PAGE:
Just wondering is there a maximum speed I can spin bacteria. I just need to make a pellet in the shortest time possible but I dont want to damage the cells. Is it damaging at say 100,000 rpm/ 1min?
We always use 10,000- 13,000 x g for 1-2 minutes in a microcentrifuge.
100,000 RPM might be a bit much.
Bacteria are heavy so they’ll pellet with less force.
I don’t know but I would guess that at 100,000 RPM, it would take about 10 seconds to pellet bacteria- it would take longer than that for the centrifuge to reach that speed.
I agree with Suzanne. To get to 100,000g/rpm, you would need to use a ultracentrifuge, and it takes a significant amount of time to get up and running and then slow down and stop. I would also be worried about damaging the cells at 100,000g/rpm.
If you are using the pellet after this step, you can pellet the cells in 20-30 seconds in a microfuge. You leave more cells in the supernatent than you would if you spun then for 1-2 minutes, but if you are more concerned with speed than you are with quantitative recovery of the cells, then this might work for you.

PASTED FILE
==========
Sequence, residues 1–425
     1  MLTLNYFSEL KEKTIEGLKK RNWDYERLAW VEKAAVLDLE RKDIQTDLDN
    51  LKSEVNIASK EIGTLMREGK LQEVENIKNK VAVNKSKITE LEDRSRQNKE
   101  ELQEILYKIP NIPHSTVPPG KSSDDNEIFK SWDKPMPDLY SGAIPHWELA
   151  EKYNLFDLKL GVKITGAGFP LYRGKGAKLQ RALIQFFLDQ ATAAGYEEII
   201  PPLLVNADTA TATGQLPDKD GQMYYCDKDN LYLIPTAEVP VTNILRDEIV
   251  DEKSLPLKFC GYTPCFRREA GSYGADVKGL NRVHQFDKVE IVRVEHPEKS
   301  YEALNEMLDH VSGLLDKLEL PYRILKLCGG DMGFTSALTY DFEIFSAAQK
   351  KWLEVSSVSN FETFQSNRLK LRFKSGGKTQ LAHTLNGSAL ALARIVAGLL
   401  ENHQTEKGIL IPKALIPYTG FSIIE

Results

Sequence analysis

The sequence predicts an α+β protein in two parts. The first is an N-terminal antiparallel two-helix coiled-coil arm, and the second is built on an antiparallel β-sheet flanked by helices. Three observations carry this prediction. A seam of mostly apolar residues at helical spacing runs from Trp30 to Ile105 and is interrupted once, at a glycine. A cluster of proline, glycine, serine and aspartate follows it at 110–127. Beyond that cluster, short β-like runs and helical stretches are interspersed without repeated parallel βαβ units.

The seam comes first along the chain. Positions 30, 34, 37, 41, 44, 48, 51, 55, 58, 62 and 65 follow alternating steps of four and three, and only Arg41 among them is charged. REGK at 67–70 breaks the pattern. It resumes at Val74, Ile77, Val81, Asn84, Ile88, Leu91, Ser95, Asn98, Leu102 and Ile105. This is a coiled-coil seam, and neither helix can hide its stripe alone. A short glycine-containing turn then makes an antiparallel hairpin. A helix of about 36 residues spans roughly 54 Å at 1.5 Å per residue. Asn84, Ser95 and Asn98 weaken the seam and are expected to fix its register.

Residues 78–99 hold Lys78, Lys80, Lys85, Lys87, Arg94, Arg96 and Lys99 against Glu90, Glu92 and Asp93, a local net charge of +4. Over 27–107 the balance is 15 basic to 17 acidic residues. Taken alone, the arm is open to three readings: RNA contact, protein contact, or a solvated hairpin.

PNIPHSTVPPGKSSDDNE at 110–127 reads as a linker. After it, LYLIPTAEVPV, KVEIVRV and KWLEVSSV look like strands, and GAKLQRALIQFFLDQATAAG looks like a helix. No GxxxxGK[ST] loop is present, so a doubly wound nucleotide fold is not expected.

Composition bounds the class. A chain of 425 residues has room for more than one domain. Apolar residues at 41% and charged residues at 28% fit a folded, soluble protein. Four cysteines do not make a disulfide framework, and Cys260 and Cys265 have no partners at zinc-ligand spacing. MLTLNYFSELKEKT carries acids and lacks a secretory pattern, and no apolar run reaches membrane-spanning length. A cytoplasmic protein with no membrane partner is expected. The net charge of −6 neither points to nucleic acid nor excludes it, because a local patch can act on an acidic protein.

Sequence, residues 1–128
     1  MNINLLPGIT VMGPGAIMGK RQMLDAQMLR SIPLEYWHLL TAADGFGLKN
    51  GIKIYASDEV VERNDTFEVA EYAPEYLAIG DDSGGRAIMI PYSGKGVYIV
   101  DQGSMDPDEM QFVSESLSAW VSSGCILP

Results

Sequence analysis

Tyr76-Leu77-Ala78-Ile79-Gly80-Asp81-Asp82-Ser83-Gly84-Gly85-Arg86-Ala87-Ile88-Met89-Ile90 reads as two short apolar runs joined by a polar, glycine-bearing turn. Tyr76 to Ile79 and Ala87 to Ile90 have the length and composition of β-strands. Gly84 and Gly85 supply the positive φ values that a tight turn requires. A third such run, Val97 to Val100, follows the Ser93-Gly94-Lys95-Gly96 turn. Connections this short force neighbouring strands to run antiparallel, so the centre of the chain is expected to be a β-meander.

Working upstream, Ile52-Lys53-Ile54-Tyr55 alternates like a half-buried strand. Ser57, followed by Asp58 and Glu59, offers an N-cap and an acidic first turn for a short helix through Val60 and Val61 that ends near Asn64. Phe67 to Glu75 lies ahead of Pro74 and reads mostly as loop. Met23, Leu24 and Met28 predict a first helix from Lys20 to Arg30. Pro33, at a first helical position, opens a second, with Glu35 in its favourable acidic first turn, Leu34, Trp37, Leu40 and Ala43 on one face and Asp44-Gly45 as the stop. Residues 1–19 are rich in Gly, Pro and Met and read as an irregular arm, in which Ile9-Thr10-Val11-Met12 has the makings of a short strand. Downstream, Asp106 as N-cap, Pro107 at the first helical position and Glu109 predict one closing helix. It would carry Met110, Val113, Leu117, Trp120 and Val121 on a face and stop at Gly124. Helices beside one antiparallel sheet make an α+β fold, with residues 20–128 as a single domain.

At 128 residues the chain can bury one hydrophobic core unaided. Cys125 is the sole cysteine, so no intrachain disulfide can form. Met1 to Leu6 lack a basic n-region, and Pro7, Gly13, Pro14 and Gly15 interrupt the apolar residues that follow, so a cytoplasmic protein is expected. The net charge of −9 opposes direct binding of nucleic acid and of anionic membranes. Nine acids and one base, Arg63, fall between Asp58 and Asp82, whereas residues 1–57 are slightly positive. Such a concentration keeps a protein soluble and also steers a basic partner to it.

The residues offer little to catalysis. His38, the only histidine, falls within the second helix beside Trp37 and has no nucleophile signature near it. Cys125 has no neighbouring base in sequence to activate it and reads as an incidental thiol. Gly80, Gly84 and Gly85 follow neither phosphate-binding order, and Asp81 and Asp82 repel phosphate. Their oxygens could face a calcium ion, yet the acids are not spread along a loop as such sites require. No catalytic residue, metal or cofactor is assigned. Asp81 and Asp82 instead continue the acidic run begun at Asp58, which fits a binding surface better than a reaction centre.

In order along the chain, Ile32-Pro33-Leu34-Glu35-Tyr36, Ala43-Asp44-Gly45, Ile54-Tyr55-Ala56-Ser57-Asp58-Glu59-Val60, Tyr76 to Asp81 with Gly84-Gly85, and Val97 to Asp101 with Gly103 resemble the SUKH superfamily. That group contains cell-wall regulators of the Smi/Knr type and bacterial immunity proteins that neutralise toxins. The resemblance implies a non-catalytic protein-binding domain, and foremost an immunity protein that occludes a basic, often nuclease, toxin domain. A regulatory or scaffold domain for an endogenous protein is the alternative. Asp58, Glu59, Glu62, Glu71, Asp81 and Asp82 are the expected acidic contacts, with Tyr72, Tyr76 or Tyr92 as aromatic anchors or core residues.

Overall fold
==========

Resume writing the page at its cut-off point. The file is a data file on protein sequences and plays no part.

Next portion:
I don’t know how much force cells can handle, but I think the important question should be “How much force do I need?”
Even if cells can withstand 100k rpm, you probably don’t need that speed. For e.coli in LB, 20 seconds at 13k rpm in a microfuge will pellet the cells well.
Cheers folks, I dont know where I was getting 100,000 from I meant 10,000 rpm. They are helpful insights, appreciate it.
I agree with Suzanne. Usually centrifuging liquid cultures at 10,000 rpm from 3 – 5 min gives a very sturdy pellet and the supernatant can be discarded easily.
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